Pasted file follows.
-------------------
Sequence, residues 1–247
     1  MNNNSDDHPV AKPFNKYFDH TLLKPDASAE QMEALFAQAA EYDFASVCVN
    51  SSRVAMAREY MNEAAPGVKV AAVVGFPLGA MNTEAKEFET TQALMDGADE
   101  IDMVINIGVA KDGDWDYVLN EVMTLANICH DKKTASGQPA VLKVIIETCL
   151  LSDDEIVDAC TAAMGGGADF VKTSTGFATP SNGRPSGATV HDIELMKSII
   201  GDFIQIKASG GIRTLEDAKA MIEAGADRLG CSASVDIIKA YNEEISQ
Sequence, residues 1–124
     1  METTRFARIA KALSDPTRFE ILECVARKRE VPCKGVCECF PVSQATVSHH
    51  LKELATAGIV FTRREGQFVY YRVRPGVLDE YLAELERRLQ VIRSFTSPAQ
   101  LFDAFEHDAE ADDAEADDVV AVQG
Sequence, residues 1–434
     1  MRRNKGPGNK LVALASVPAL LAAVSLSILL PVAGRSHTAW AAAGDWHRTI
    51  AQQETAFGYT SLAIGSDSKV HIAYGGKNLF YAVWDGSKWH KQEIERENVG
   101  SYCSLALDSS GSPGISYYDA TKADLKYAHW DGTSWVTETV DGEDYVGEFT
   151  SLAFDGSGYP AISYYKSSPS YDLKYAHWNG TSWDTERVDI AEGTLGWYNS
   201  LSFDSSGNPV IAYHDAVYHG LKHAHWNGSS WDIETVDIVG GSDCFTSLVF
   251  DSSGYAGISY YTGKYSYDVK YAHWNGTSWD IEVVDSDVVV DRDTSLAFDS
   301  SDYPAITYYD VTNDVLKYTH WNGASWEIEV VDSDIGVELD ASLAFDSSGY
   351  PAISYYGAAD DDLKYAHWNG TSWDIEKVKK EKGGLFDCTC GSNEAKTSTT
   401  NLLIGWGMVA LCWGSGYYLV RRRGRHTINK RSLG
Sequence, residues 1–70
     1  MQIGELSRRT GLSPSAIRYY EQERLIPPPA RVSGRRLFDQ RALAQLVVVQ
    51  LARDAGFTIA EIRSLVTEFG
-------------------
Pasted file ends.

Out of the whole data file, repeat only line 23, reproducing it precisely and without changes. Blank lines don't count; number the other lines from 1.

    51  LARDAGFTIA EIRSLVTEFG